Why your grocery bill is always so high


IF YOU'VE ever gone grocery shopping overseas, you'll know first-hand just how ridiculously expensive Australian supermarkets can be.

And there are plenty of stats to back that suspicion up.

According to The Economist Intelligence Unit's (EIU) Worldwide Cost of Living 2018 survey, Sydney was the 10th most expensive city in the world to live in last year behind Singapore, Paris, Zurich, Hong Kong, Oslo, Geneva, Seoul, Copenhagen and Tel Aviv.

It revealed Sydneysiders paid an average of $US3.99 ($A5.78) for a 1kg loaf of bread, $US20.49 ($A29.68) on average for a bottle of wine, $US23.89 ($A34.60) on average for a pack of cigarettes and an average of $US0.98 ($A1.42) per litre for unleaded petrol.

While Sydney has dropped out of the top 10 most expensive cities this year, it has consistently featured on the list in previous years - coming in at number five in 2014 - while other Australian capitals also regularly outstrip other global cities when it comes to the cost of living.

News.com.au has looked into supermarket prices as part of its new series Rip-off Buster, which provides readers with practical cost-of-living advice and hacks on how to help get a better deal - all with the goal of helping you to become financially fit.

The EIU's global chief economist and managing director Simon Baptist told news.com.au grocery prices in Australia had been especially high in recent years due to factors such as the strong Australian dollar, which coincided with healthy wage growth and the mining boom.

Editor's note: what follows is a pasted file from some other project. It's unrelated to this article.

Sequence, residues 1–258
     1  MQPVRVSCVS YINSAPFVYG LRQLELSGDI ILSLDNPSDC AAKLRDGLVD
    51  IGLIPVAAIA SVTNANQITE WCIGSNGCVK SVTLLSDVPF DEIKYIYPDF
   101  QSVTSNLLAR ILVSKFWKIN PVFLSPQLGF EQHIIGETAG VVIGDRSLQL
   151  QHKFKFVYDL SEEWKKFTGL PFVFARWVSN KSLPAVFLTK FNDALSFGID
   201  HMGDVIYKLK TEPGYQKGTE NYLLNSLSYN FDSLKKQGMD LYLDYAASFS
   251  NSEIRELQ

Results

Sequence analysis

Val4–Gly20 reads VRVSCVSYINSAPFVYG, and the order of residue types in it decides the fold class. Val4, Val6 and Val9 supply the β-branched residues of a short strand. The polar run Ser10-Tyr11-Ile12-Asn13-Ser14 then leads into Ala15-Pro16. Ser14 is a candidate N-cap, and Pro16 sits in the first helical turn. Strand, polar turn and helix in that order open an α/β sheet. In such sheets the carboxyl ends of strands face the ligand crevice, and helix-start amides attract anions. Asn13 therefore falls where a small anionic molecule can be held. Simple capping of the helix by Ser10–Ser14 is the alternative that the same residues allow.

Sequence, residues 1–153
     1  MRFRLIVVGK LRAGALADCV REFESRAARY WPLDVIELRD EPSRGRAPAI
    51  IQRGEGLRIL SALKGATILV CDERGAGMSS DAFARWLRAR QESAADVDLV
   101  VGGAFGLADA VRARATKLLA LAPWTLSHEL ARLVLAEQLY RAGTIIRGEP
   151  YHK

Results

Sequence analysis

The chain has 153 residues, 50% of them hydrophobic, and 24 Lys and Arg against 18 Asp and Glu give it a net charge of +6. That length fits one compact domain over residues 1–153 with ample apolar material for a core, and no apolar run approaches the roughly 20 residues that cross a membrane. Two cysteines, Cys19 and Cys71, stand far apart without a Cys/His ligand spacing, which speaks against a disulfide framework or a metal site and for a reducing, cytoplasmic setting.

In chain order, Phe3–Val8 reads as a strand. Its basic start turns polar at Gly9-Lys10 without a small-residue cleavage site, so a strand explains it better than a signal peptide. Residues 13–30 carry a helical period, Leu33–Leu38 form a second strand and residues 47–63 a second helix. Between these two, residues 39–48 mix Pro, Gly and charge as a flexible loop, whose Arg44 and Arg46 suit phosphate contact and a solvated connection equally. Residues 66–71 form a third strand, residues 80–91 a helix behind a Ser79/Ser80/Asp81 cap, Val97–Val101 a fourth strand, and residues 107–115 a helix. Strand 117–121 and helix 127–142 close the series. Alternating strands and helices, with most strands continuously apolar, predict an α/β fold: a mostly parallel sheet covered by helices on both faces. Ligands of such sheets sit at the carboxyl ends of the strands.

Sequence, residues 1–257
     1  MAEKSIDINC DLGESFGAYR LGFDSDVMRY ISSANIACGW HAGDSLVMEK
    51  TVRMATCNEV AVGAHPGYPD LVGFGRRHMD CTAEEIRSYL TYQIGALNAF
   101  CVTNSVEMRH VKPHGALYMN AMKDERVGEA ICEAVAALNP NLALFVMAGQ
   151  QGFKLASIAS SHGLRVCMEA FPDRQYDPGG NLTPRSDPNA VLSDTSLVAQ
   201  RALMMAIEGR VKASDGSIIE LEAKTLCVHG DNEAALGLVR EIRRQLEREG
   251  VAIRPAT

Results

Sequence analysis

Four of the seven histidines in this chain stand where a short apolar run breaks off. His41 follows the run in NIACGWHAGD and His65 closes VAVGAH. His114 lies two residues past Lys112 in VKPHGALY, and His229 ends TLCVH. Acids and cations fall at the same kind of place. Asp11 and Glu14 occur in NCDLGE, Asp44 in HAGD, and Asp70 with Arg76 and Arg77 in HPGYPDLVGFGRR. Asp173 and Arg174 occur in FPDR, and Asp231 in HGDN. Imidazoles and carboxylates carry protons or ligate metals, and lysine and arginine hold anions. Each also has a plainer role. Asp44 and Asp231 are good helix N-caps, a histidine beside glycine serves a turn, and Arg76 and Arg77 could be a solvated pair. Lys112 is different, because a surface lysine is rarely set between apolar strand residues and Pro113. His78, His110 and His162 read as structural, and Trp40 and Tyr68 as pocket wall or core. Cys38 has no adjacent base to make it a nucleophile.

But he said prices had actually been coming down recently thanks largely to a "broadbased decline in the Australian dollar" - although our prices were still comparable to notoriously expensive locations like Singapore and Hong Kong.

He said the price of cigarettes, eggs, mobile phone plans, dry cleaning, books and cinema tickets remained particularly high in Australia but that we were actually getting a better deal for haircuts, utility bills, butter and milk.

He said the UK had noticeably low grocery prices overall thanks to its "very, very competitive grocery sector" and that there "could be more competition" in Australia.

According to Numbeo, a website where users contribute data from around the world, a typical basket of groceries containing milk, bread, rice, eggs, cheese, chicken breasts, beef, apples, bananas, oranges, tomatoes, potatoes, onion and lettuce would total an average of $70.59 Down Under.

That's well ahead of the UK, which came in at $58.07, Ireland at $69.55, the UAE at $67.29 and Spain at $61.85.

For a litre of milk we pay an average of $1.47 - while Dutch consumers pay $1.44, Americans $1.19 and Germans $1.14.

For a 500g loaf of white bread, Aussies fork out $2.63, while in Japan it's $2.57, $2.49 in Singapore and just $1.77 in the UK.

We pay $4.27 for a dozen eggs while UK shoppers pay $3.32, the US pays $3.28 and Japan pays $3.01.

And despite being a major grower of oranges, Aussies pay $3.73 per kilo compared with $3 in the UK, $3.60 in New Zealand and $3.44 in Germany.

Comparison site Finder.com.au also analysed separate Numbeo data to reveal the cost of groceries in 12 countries to find out how Australian prices compare to the rest of the world.

It found Australia shared fourth place with New Zealand, with an average spend of $100 for everyday staples.

The top three most expensive countries for groceries were the USA, Canada and France - but Aussie and New Zealand shoppers are still paying far more than consumers in Israel, Ireland, Germany, the UK, China, Greece and India.